Contends that the melodrama, sensationalism, and moral confusion some critics attack in Naturalistic novels of the period are “essential constituents” of such works as Norris’s McTeague, Dreiser’s Sister Carrie, and Crane’s The Red Badge of Courage. That is, Pizer argues for a coherence or internal consistency to American Naturalism other critics deny.

Pizer, Realism and Naturalism in Nineteenth-Century American Literature (Carbondale: Southern Illinois University Press, 1966).

Attempts to answer two questions: how can one describe Realism and Naturalism in fiction (a question of definition), and how do Realism and Naturalism relate to the criticism of the age (a cultural and historical matter)? For Pizer, Realism is ethically idealistic, even though there was increasing awareness of the limitations, both biological and social, placed upon the individual. Naturalism, while both deterministic and pessimistic, nevertheless posits an ethical affirmation by asserting the value of all life no matter how low or compromised.

Pizer, ed., Documents of American Realism and Naturalism (Carbondale: Southern Illinois University Press, 1998).

Conceived as supplementary to George Becker’s Modern Literary Realism, concentrates on American statements and reactions. This collection is composed of three sections—The Critical Debate, 1874-1950; The Early Modern Period, 1915-1950; and Modern Academic Criticism, 1951-1995. It contains a healthy selection of critical statements by the practitioners of Realism, including Howells and Garland, as well as more-recent essays and excerpts of critical commentary. Pizer’s general introduction and his introductions to the three sections are instructive.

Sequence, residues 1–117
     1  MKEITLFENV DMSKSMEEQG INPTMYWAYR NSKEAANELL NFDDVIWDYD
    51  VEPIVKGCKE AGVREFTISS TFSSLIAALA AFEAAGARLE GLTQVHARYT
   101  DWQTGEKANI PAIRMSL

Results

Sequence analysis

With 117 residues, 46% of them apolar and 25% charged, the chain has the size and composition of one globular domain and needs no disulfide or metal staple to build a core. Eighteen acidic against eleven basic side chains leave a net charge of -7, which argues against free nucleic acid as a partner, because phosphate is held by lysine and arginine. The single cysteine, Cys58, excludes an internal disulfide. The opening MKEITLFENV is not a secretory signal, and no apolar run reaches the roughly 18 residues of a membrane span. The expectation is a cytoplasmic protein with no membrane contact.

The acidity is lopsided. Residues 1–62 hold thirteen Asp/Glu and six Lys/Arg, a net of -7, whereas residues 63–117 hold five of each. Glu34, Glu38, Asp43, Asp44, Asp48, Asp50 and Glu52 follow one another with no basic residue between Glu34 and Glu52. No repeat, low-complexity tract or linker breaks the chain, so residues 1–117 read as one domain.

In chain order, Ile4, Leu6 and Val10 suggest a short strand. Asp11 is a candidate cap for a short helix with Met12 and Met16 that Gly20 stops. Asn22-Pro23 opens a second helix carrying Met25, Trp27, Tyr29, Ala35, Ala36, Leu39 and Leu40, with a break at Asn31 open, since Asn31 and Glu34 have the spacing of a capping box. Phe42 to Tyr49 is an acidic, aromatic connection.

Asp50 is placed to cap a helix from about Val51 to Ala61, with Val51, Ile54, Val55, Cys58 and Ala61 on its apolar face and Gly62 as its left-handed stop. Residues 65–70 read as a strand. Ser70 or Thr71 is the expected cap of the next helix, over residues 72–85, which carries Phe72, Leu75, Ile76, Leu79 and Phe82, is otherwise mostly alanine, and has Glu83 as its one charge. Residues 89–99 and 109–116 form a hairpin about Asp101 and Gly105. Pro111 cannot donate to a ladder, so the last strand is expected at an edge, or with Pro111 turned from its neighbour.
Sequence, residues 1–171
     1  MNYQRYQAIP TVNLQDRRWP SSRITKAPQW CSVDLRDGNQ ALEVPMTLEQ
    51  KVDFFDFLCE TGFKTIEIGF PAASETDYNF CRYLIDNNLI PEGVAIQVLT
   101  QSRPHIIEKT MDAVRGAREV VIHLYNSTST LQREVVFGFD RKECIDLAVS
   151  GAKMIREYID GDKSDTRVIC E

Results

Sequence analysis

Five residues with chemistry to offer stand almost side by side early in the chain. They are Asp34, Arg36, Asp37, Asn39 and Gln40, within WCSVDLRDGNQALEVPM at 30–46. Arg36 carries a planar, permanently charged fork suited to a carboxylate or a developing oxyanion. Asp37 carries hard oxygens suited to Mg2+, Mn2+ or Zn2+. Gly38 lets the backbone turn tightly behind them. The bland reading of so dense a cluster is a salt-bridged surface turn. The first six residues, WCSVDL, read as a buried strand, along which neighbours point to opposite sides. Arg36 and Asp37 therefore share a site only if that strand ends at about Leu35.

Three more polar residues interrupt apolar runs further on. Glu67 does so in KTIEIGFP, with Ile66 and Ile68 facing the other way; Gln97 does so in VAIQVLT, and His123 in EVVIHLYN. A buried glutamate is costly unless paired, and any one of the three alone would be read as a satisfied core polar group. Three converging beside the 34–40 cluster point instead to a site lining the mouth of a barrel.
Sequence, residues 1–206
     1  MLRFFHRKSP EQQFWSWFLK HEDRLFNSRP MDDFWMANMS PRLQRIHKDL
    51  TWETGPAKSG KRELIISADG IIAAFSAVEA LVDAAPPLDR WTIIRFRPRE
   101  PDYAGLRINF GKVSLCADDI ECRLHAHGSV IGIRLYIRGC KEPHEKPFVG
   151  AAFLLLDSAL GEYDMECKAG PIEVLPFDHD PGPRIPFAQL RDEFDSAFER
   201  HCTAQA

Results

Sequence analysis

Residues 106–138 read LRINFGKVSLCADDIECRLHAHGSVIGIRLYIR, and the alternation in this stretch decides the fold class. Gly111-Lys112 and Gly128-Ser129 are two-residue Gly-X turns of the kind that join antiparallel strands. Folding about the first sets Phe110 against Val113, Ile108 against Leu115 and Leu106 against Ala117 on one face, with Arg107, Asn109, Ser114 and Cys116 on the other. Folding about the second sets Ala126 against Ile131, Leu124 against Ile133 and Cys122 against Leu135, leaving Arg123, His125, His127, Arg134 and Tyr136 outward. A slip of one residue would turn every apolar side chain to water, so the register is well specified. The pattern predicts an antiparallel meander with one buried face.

Tom Quirk and Gary Scharnhorst, eds., American Realism and the Canon (Newark: University of Delaware Press, 1994).

A collection of twelve essays illustrating the flexibility of Realism as a literary mode. Contributions include essays on women’s poetry and women’s humor, representations of Chinese Americans, eastern European Jewish immigrants, and Native Americans in Realist fiction, and the evolution of canonization and anthologizing of writers during this period. Among the writers discussed are Charles Chesnutt, Abraham Cahan, Anzia Yezierska, Sui Sin Far, and Emma Lazarus, as well as Henry James, Twain, and Harte.